Addiction Nearly Took His Life—CBD Gave Him a Fresh Start

Addiction Nearly Took His Life—CBD Gave Him a Fresh Start

Arbelio “Arby” Barroso never imagined he’d become an addict.

Arby Barroso

Barroso, 48, was prescribed painkillers after fracturing and dislocating his hip. But he didn’t just get one prescription for Norco. Instead, he had high-dose prescriptions for several drugs. At one point, Barroso was prescribed Percocet, Xanax, Roxicodone and Soma. 

“I would just kind of load up on these things because they were pretty easy to get,” he says. “You’re really not going to say no when somebody writes you those kinds of prescriptions.” 

Barroso developed an addiction that threatened to tear his life apart. He was arrested in 2010 for carrying all his prescription drugs in one container—something he didn’t know was against the law. He was sentenced to five years of probation, which he eventually violated in September 2013. He went to jail again.

His life was falling to pieces. His friend and business partner at the time told him he had to get clean or else. His wife said she would be done with their marriage if he continued down this path.

“I really wanted to get clean because my wife wanted to leave and I had a young daughter,” he says. “She’s 10 years old now. I had already gone through one divorce and I had another daughter who had seen that part of my life at a very young age. I really didn’t want my second daughter having to see her father like that.”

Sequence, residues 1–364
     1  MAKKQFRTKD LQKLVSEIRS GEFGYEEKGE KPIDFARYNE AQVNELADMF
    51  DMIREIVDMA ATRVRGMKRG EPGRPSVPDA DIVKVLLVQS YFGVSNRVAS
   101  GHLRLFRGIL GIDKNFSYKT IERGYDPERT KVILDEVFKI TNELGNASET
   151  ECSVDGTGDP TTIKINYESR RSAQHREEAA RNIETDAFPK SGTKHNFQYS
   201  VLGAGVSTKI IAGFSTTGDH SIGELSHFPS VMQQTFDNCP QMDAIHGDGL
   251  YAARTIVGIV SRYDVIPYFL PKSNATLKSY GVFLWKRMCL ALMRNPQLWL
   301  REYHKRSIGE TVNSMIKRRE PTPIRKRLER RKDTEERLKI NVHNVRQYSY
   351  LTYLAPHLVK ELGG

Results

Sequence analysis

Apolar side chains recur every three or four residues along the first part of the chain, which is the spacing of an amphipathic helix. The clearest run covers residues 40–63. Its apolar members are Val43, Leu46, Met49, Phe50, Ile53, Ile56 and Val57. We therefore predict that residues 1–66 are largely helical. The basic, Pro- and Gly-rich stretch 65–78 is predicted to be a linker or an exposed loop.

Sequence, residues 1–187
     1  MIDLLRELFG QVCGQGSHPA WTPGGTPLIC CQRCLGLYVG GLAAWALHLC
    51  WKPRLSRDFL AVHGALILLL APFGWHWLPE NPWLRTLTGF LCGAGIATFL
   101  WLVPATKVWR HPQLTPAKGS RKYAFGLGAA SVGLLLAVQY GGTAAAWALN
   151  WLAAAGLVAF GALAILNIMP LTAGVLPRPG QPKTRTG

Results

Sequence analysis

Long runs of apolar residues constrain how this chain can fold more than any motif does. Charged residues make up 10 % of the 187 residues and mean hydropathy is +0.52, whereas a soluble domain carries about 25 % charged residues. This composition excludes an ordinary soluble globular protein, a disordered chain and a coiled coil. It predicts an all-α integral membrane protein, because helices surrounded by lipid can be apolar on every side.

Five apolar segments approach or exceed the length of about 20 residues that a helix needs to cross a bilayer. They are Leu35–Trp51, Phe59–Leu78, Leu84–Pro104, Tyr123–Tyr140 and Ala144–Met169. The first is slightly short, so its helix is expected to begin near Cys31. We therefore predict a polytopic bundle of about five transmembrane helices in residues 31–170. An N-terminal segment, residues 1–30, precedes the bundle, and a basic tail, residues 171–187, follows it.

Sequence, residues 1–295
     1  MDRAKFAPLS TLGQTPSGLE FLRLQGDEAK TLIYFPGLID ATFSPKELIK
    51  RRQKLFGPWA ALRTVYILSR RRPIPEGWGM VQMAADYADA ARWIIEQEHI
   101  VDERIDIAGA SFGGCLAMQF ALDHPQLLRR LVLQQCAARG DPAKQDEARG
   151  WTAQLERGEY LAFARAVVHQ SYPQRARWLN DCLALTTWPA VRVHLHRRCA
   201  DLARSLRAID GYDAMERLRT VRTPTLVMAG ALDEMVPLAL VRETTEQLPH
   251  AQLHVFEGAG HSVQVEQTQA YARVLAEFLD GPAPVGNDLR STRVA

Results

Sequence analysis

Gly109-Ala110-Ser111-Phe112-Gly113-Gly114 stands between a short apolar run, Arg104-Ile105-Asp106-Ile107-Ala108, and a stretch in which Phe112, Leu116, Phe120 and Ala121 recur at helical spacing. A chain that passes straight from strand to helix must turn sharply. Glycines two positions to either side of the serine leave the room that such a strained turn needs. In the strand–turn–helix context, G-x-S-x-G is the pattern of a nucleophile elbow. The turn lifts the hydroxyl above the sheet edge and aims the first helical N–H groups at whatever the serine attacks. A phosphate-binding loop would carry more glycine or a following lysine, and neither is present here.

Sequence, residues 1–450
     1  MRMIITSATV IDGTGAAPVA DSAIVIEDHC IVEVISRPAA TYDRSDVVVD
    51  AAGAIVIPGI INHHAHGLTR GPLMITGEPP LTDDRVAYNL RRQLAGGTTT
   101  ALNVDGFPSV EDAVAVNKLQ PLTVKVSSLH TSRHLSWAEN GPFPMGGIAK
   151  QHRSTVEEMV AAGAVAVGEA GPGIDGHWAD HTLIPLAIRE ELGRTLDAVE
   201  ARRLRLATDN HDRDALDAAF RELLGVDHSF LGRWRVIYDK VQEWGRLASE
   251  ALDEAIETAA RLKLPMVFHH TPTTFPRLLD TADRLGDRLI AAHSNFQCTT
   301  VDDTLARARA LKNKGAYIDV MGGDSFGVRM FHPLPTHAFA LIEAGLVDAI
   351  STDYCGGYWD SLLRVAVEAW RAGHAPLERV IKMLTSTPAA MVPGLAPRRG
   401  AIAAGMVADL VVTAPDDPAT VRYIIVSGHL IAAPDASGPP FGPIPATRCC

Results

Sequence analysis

By October 2013, just one month after his second arrest, Barroso was on the path to sobriety, which he still holds to this day.

He credits his turnaround with a little-known product at the time: CBD.

Tumultuous Start

Barroso’s long and winding struggle with addiction began in 1993, at age 23, when he fractured and dislocated his hip while playing football. The doctors at Jackson Memorial Hospital in Miami, where he was admitted, popped his hip back into place. But they weren’t quite sure what to do next. 

“They didn’t want to give me a total hip replacement at the time,” he says. “So that kind of set the tone for the next 20-plus years.”

Within six months of being discharged, Barroso struggled with pain so severe he couldn’t even tie his own shoes. To cope, he relied heavily on prescription painkillers. Fast-forward three years later to 1996: Barroso’s orthopedic surgeon decided it was finally time for him to have a total hip replacement.

Unfortunately, this procedure wasn’t a cure-all. Barroso injured himself again in 2001. The Florida native was athletic prior to these incidents, and losing his mobility weighed heavily on his mental health.

“I went through a lot of post-traumatic stress because I went from being competitive in everything I did to not being able to run, play basketball or do the things I was typically able to do,” he says.

Barroso persisted and went on to found a real estate company. Unfortunately, it didn’t survive the financial crisis of 2008. In 2010, Barroso moved to Colorado to found a cannabis dispensary with a friend. But he struggled to keep this business alive because of the grip his addiction had on him.

“When you have these kinds of addictions, it’s pretty rough because you’re a slave to the pills,” he says. “It’s not like you need to go and see somebody. You have your prescription. But over time, it’s like you can’t live without them. You’re really stuck thinking, I need these with me all of the time.”